Rodney A. Brooks is Deputy Managing Editor/Personal Finance and retirement columnist for USA TODAY. Mr. Brooks joined USA TODAY in 1985 as an assignment editor in the Money section and was later named deputy managing editor. Previously he was an assistant business editor and business writer at t...
Rushern Baker is county executive in Prince George’s County, Maryland, a Washington, D.C., suburb that is the wealthiest majority-black county in the nation. Originally elected in 2010, Baker is halfway through his second four-year term and just announced that he is a Democratic candidate for governor. He oversees a budget of $3.1 billion in a county with a population of 900,000, which makes it the second-largest county in the state.
Your life in retirement could be totally disrupted if you or your spouse suffers an extended illness – and the medical bills that result. Your life’s savings could be drained before you even know what happened. Still, financial planners say, even people who have saved a comfortable nest egg for retirement neglect or forget to consider medical costs in their planning, despite the fact that medical expenses are a major reason bankruptcies among people 65 and older have doubled since 1991.
There’s a saying: When White America catches a cold, Black America catches pneumonia. So, if there is an impending retirement crisis in America, what does that mean for African Americans? The answer to that question is discouraging. There is a huge gap in retirement preparation of African Americans compared to White Americans, generally speaking.
Muck Rack makes it simple to find people, tweets, or articles that mention any name, keyword, company, hashtag etc. We've compiled this guide to help you make the most of your search.
Selecting a term
Start searching tweets, articles from media outlets, articles mentioned in tweets, journalists'
names, titles and bios with some suggested searches:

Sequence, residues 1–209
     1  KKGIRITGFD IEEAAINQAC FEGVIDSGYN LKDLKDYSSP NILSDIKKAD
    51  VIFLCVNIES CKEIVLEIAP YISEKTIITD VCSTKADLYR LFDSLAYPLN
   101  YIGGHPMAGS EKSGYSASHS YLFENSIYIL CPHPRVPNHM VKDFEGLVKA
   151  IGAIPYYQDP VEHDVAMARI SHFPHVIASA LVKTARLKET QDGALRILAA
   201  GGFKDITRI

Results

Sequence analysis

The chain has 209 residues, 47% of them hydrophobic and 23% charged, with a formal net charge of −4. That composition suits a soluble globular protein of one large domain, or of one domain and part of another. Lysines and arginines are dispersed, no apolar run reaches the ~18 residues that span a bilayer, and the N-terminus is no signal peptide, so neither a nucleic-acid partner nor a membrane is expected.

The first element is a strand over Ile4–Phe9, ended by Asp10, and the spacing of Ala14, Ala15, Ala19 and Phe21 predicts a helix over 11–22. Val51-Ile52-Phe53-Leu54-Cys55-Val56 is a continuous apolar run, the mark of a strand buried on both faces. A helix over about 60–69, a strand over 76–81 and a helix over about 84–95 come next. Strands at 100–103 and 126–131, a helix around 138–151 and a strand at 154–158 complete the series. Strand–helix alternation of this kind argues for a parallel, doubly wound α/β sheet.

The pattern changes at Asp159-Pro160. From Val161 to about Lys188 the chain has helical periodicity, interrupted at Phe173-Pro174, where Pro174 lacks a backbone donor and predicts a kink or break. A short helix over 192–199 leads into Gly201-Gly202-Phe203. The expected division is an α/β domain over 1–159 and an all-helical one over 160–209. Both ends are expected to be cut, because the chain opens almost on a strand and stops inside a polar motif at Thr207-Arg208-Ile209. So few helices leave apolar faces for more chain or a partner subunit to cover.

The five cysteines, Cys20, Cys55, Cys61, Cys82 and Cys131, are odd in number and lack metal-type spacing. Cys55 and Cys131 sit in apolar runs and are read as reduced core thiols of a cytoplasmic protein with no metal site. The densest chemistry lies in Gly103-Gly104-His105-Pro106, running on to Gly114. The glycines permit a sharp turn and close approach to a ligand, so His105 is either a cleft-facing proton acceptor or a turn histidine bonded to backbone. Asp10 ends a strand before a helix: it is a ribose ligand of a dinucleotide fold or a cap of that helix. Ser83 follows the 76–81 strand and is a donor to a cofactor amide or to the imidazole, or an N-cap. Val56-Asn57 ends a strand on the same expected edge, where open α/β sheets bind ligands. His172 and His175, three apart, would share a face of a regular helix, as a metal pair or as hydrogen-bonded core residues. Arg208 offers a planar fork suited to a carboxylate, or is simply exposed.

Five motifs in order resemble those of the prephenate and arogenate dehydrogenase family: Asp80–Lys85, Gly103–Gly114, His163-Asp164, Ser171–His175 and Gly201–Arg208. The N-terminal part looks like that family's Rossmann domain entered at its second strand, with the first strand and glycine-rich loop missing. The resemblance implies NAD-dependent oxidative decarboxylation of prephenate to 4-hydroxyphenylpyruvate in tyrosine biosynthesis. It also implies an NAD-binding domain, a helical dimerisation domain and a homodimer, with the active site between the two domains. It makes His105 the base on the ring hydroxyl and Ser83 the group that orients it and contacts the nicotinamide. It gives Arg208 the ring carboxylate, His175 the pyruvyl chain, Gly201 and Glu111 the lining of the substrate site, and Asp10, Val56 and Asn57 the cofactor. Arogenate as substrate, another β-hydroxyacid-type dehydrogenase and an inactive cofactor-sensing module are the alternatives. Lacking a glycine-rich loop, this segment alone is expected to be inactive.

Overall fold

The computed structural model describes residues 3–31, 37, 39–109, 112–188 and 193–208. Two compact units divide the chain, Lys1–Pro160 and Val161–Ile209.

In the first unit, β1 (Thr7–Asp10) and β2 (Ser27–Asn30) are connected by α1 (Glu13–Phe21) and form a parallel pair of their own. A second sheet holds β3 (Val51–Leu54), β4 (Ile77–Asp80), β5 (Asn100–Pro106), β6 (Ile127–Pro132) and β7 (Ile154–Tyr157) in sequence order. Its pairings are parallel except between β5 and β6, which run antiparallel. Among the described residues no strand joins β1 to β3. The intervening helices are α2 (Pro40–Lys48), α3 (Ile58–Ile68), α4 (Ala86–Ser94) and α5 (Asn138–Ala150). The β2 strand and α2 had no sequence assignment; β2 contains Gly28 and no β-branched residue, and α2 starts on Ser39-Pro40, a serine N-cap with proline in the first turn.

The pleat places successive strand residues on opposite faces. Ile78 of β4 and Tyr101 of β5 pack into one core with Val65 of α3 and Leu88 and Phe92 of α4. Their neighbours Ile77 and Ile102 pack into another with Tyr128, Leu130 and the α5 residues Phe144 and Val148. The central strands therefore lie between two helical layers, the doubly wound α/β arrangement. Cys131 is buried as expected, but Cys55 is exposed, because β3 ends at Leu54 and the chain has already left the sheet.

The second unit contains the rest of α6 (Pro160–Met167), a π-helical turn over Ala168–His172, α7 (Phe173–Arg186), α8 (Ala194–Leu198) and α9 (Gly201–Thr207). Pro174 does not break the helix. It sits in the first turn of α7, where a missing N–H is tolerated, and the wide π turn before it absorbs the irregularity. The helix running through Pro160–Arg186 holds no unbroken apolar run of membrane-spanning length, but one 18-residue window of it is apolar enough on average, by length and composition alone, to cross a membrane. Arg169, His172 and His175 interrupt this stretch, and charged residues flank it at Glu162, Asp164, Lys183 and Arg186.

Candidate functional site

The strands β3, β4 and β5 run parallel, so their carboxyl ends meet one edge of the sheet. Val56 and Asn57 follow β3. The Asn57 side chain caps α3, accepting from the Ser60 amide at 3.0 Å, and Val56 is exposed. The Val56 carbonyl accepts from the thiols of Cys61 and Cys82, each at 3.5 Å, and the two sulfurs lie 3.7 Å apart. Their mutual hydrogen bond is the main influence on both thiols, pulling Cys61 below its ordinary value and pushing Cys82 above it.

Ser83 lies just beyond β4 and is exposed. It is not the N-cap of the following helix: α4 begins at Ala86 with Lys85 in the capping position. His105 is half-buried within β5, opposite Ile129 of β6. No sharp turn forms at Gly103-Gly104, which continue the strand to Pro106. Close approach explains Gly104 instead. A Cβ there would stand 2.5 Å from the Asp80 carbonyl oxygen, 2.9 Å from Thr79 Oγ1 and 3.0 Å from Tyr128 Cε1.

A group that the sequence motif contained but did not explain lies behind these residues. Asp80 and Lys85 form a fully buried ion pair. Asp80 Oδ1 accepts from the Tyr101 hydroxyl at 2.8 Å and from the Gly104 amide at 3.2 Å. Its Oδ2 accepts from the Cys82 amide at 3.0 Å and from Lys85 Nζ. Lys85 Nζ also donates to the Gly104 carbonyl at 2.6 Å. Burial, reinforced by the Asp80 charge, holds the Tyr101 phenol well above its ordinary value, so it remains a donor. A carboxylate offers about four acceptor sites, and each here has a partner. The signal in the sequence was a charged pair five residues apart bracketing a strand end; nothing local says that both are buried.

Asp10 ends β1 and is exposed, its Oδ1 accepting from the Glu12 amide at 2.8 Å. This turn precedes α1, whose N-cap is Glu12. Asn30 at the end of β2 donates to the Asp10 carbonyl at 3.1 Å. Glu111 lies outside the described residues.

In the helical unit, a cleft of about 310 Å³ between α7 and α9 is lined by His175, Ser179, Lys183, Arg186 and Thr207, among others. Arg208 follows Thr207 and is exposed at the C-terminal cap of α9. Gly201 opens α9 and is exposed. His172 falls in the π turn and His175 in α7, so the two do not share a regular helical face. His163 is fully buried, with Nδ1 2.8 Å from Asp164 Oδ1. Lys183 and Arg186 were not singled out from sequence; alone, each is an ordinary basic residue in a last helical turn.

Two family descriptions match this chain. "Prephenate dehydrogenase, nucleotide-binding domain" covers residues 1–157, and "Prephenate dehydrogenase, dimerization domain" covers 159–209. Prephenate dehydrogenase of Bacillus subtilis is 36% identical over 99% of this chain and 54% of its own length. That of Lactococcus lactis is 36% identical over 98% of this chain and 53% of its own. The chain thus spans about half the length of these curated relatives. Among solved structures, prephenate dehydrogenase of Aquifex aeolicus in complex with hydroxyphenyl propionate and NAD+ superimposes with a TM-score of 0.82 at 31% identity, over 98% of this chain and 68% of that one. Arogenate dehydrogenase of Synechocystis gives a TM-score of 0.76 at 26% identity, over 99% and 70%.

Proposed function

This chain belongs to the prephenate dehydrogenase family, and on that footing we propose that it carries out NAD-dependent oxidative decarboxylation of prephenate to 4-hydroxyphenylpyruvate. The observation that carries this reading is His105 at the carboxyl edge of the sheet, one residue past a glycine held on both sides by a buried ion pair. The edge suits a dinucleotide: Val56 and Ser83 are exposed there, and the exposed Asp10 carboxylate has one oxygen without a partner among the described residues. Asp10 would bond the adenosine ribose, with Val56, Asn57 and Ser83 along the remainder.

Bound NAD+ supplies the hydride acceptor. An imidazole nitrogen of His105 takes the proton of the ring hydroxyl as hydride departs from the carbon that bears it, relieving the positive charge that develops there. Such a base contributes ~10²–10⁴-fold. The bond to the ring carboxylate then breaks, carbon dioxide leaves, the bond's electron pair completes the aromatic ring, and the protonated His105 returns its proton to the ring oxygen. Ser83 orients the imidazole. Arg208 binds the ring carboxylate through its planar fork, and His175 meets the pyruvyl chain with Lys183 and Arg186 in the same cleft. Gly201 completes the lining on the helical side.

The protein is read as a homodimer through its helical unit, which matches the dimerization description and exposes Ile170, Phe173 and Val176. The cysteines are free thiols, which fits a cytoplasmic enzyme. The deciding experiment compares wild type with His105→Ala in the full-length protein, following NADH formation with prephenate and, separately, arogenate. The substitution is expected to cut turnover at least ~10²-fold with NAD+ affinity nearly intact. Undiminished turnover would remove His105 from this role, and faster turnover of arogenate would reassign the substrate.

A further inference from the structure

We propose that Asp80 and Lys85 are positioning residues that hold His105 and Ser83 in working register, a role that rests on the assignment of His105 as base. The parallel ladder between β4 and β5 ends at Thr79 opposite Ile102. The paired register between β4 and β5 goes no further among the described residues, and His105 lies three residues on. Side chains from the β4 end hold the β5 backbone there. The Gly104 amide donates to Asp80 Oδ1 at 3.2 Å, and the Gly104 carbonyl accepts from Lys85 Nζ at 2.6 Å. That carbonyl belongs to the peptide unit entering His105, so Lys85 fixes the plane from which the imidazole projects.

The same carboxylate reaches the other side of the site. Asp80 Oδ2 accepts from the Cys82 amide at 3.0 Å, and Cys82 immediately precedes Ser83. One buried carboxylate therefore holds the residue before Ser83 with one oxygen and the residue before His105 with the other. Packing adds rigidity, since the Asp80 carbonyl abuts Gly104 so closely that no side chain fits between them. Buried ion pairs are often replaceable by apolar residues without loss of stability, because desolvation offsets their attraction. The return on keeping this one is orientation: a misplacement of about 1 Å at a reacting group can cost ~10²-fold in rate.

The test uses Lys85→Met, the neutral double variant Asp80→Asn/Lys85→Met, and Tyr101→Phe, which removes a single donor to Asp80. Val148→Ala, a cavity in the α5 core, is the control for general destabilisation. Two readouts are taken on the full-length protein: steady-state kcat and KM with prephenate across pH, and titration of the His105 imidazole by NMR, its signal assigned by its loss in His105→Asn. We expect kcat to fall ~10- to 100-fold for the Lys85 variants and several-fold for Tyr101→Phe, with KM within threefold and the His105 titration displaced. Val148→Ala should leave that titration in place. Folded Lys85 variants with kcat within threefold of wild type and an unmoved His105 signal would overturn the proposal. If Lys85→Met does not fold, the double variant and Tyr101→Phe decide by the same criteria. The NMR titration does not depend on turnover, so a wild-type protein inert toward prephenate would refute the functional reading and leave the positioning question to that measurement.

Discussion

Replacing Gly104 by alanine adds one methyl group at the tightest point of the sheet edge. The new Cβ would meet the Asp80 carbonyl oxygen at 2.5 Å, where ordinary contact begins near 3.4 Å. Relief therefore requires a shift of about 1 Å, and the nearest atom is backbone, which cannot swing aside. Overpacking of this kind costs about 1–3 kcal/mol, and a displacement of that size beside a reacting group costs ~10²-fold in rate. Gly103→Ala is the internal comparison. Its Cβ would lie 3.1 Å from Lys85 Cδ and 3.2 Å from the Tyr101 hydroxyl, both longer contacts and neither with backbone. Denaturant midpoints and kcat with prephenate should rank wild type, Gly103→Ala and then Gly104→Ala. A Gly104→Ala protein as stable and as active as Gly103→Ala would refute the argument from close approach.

Companies or Topics (e.g. iPhone, Microsoft)
Phrases (e.g. "cloud computing") — use quotes to keep the terms together
Twitter handles (e.g. @username) — returns those who have mentioned or replied to
Names (e.g. "David Pogue")
Hashtags (e.g. #sxsw, #london2012)
Bio details (e.g. vegan, Olympics, father)
Muck Rack's Advanced Search allows for many boolean operators.
Find results that mention multiple specified terms, use AND or
+. For example, ensure each result contains both Elon Musk and Mark Zuckerberg by
searching Obama AND Romney or Obama + Romney.
Use the operators OR or , to broaden your search when you'd like either of
multiple terms to appear in results. (This is the default behavior of our search when no operators
are used.) For example, search for democrat OR republican to find results that refer to
Democrats and/or Republicans.
Use NOT or - to subtract results from your search. For
example, searching Disney will yield results about the Walt Disney Company as well as Walt Disney
World Resort. To exclude mentions of Disney World, search for Disney -World or Disney
When using one of these operators with a phrase, enclose it in quotation marks. For example, you can
find results about smartphones excluding Apple's iPhone 4S by searching smartphone -"iPhone
Exact case matching or punctuation
If you're searching for a brand name or keyword that relies on specific punctuation marks or capitalization, you can
find results that match your exact query by adding matchcase: before the keyword you're searching for, like matchcase:E*TRADE .
Use parentheses to separate multiple
boolean phrases. For example, to find journalists talking about having fun in Disney World or
Disneyland, search for ("disney world" OR disneyland) AND fun.
An asterisk can be used to search for any variation of a root word truncated by the asterisk. For example, searching for admin* will return results for administrator, administration, administer, administered, etc.
A near operator is an AND operator where you can control the distance between the words. You can vary the distance the near operation uses by adding a forward slash and number (between 0-99) such as strawberries NEAR/10 "whipped cream", which means the strawberries must exist within 10 words of "whipped cream".